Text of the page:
Ogden receives 30-day suspension for criticizing judge

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Indianapolis attorney and blogger Paul Ogden has been suspended for 30 days by the Indiana Supreme Court based on comments he made regarding a judge who presided over an estate case involving Ogden’s client.

The Indiana Supreme Court Disciplinary Commission brought two counts against Ogden in March 2013. Count I stems from comments he made regarding Hendricks Superior Judge David H. Coleman, who was appointed special judge in an unsupervised estate case. Ogden successfully had Coleman replaced on the case. In 2010, Ogden made several “highly critical” comments about Coleman in correspondences.

The comment that resulted in Ogden being disciplined alleged that the judge committed malfeasance in the initial stages of the administration of the estate by allowing it to be opened as an unsupervised estate, by appointing a personal representative with a conflict of interest, and by not requiring the posting of bond, the disciplinary order states.

“Respondent’s repeated and virulent accusations that Judge Coleman committed malfeasance in the initial stages of the administration of the Estate were not just false; they were impossible because Judge Coleman was not even presiding over the Estate at this time—a fact Respondent could easily have determined. Because Respondent lacked any objectively reasonable basis for (these) statements, we conclude that Respondent made these statements in reckless disregard of their truth or falsity, thus violating Rule 8.2(a),” the justices unanimously held in an order handed down Monday.

The commission did not meet its burden of proof regarding the other comments Ogden made regarding Coleman, the justices found, leading the court to find Ogden’s criticisms of Coleman’s rulings fall within his broad First Amendment rights. And although another allegation of a conflict of interest turned out to be false, it was based upon Ogden’s client’s reports to him. The justices found Ogden’s allegation that Coleman was unqualified as a judge and that he engaged in judicial misconduct in presiding over the estate were “more in the nature of opinions as opposed to statements of fact.”

Count II deals with letters Ogden sent to the Marion Superior Court, Civil Division, the Marion County Prosecutor’s Office, the Indiana attorney general and the Marion County public safety director, asking that they ensure the law regarding forfeiture is followed and enforced. At the time the letters were sent, Ogden was not representing any party in pending forfeiture cases.

The justices concluded that the Disciplinary Commission did not present clear and convincing evidence that the letters Ogden sent were prejudicial to the administration of justice.

They also noted that Ogden has been “obstreperous rather than cooperative” during the course of this disciplinary proceeding.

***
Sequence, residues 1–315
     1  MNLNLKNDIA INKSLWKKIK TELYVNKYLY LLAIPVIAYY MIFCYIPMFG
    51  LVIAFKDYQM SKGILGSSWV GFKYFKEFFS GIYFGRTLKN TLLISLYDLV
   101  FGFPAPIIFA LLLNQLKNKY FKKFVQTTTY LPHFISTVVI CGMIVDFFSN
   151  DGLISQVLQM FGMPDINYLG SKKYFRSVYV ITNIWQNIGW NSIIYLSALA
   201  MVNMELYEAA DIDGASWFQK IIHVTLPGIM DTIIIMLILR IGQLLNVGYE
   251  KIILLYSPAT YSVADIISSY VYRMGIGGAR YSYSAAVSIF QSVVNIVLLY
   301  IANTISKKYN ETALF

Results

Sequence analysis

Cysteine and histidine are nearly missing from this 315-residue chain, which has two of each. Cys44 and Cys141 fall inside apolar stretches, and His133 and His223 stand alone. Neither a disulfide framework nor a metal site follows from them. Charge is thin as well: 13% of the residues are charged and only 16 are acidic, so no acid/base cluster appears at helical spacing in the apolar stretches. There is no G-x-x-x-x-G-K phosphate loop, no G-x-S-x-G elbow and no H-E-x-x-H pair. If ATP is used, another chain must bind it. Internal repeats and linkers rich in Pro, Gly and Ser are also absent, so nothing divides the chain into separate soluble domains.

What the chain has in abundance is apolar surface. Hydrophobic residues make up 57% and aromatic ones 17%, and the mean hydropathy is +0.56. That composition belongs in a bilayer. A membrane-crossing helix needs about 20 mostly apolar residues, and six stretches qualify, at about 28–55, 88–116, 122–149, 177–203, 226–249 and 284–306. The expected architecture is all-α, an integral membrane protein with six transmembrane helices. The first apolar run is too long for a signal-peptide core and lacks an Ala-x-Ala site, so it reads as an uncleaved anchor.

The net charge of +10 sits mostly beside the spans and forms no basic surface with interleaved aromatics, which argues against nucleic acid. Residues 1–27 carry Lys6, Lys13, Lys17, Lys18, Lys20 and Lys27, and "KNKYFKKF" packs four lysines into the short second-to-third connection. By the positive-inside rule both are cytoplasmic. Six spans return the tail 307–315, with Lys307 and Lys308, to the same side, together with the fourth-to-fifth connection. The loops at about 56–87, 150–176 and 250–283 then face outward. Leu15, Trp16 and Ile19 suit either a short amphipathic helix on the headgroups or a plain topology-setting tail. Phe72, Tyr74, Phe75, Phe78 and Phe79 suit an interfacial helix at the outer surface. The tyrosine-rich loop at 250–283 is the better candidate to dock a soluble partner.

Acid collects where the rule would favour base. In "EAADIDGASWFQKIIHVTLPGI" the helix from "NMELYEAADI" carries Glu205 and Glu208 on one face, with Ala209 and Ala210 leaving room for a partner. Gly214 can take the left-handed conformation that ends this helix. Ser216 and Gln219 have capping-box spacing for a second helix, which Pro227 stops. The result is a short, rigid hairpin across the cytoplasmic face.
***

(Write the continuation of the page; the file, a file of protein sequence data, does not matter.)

His suspension begins Aug. 5 and he will be automatically reinstated. Ogden is to pay one-half of the costs and expenses of this proceeding, along with a $250 fee.


  • Spot on
    Spot on, Mr. Hofer. Had Paul not resisted we would not have this fine re-statement of Dixon and he would be out of the practice for one year. I think the High Court might have meant to award only half of the copying costs to the State, not half of their attorneys fees. If the latter, then many of the solo practitioners targeted cannot, like Paul, like most targetted, cannot afford to resist the Will of the State.
  • obstreperous?
    The Court said Ogden was “obstreperous rather than cooperative". I think they got their parties mixed up. They ruled Ogden correct on 80% of the issues. The final issue would never have resulted in the loss of a law license like the Disciplinary Commission wanted. Why should you be cooperative when the government is trying to take away your livelihood for speech that is protected by the First Amendment? It's not a fair result when you are assessed $10k in prosecution charges when the prosecution stuck to an unreasonable position the entire litigation and lost most of the lawsuit. Ogden has done a great public service in pointing out that major changes need to be made at the Supreme Court Disciplinary Commission.
    • Poll Idea
      Hey Indiana Attorney .... how about conducting a poll on whether it is just for Ogden to pay $10000 to the disciplinary office for giving him due process of law? Choices could be "very unfair" "possibly unfair" "uncertain" "resistance is futile" and the anciently popular, "worship the state."
    • Sad, sad, pathetic
      Advance Indiana is reporting on a chilling wind that should advise every attonrey in Indiana to not disagree with any government attorneys. to simply be unthinking, uncaring automatons like the powerful and connected want: " UPDATE II: The Disciplinary Commission billed Ogden $10,300 for his share of the expenses for their failed efforts to bar him from the practice of law in Indiana."
    • Gary on Paul
      Advance Indiana is the place to go for more on this story ... Welch writes "Attorneys in Indiana should be very thankful to Ogden for standing his ground and fighting for a fundamental right all attorneys should hold as sacred. He has suffered severe and undue hardship as a result of this entire ordeal. This decision, in my opinion, exonerates him for the most part, notwithstanding the additional hardship of a 30-day suspension he must incur. This was certainly not the outcome desired by the disciplinary commission or the hearing officer." And he quotes Paul at this post as well:
    • here